We've kept this page from 1995 about our impressions of Detroit, which we visited for working with Carl Craig.


Driving into town from Metro Airport, we put on the radio and heard right away Trans-Europe Express from Kraftwerk. This was then followed by a Parliament track and a Funkadelic track (George Clinton).

For us this almost summed it up, as these were primary influences for us in the 70s. Funkadelic were based in Detroit, and the influence of Kraftwerk on the young experimentalists who eventually "invented techno" is vast and well documented.

I mentioned this to Derrick May who explained that we had been listening to The Electrifying Mojo, who was a very influential radio DJ in the early 80s and who had just started on the air again.

One of the highlights of our trip was meeting Mike Banks (Underground Resistance), who also mentioned The Electrifying Mojo and said he had been a positive influence on a whole generation of young people in Detroit and had been one of the founders of techno.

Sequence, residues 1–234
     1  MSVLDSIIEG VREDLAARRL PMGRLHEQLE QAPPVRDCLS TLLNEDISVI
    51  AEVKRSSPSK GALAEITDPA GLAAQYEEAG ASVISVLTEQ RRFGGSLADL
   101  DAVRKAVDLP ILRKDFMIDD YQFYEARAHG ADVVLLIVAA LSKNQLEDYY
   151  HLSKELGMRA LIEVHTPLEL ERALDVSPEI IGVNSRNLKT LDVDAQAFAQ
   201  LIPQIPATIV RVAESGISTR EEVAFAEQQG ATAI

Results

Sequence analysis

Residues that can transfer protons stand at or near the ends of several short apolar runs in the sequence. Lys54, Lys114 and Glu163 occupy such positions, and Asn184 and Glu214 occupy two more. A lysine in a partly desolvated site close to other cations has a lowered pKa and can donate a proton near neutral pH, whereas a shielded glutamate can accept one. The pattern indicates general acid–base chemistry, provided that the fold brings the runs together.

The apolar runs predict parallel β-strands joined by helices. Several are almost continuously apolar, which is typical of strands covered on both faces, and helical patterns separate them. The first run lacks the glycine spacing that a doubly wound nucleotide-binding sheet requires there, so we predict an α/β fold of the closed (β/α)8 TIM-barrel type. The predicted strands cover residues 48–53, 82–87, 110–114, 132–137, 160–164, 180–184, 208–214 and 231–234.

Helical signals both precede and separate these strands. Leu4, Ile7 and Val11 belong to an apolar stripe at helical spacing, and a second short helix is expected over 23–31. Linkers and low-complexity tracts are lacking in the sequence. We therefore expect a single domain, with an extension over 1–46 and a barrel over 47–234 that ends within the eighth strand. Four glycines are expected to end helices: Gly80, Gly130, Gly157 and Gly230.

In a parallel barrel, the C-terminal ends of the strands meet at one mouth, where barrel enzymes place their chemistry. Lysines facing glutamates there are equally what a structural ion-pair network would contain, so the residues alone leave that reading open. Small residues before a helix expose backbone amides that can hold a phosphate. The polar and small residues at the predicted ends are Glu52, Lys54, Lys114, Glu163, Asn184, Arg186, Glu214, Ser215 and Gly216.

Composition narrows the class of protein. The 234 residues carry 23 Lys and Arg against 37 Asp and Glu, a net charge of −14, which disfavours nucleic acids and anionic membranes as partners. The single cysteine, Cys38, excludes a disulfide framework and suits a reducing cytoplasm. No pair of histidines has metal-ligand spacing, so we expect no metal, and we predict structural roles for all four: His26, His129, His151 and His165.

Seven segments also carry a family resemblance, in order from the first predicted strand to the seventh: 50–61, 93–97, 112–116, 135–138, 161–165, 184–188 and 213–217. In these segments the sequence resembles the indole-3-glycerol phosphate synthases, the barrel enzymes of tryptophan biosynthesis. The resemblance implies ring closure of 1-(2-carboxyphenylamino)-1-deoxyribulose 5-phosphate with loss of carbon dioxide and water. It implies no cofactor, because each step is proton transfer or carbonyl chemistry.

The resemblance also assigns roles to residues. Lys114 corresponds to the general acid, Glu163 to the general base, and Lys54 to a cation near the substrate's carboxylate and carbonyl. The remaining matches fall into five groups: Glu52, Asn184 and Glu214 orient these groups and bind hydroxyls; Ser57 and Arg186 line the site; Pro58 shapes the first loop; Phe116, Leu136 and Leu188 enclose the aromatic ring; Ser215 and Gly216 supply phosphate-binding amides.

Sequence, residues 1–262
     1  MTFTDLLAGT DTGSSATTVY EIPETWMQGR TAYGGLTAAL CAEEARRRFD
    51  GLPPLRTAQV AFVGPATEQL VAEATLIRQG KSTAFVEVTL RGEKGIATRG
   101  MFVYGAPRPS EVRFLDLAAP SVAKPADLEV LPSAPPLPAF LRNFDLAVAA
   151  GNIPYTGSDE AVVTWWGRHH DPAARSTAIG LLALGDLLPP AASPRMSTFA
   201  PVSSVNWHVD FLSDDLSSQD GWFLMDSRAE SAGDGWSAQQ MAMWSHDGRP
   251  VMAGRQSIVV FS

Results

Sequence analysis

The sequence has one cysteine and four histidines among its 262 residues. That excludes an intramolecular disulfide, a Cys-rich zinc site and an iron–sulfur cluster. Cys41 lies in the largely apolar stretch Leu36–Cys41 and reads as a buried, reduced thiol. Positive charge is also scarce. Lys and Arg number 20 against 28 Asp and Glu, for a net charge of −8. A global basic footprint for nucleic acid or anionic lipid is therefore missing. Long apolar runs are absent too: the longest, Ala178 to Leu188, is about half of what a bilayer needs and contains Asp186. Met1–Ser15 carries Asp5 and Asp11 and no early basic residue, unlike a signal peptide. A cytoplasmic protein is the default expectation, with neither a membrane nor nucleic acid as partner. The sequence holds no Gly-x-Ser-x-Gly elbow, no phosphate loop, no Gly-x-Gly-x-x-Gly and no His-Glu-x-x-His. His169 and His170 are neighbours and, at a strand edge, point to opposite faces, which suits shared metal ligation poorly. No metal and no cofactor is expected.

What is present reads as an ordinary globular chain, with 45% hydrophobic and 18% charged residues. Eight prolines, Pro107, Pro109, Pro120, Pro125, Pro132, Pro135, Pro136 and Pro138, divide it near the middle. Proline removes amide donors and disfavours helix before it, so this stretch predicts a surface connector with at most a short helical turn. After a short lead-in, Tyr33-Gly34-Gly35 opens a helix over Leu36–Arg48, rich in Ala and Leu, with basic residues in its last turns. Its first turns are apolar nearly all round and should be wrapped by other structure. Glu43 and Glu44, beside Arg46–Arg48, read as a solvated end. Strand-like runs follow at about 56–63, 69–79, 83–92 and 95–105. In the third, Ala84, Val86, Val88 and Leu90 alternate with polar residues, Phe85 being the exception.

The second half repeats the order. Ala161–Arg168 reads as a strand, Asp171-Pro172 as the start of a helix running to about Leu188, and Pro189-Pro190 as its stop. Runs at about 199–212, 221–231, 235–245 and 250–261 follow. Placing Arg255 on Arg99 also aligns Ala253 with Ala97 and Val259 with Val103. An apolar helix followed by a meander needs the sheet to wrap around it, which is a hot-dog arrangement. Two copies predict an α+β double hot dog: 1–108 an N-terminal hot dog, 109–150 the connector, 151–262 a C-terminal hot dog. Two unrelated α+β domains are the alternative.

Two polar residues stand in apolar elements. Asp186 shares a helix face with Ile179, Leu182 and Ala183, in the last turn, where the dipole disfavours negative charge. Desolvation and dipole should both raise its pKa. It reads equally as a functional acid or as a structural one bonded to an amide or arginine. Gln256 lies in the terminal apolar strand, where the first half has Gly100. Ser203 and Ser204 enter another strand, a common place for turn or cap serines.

Why do we like working with Detroit artists? It's because as musicians we feel that Detroit music is the deepest, wildest and most avant garde style to grow out of dance music. For us it represents the pinnacle of creativity, coupled with a deep and unbridled funkiness.

Why do Detroit artists like working with System 7? Hard for us to answer, but it must be something to do with the fact that we are musicians, and despite the abstract nature of Detroit techno there is also a respect for musicianship via early electronic jazz (Weather Report, Miles Davis etc) and a desire to experiment with the unique System 7 sounds that we can supply.

Interestingly enough, Mike Banks once played guitar for The Brides of Funkenstein, a Parliament offshoot.



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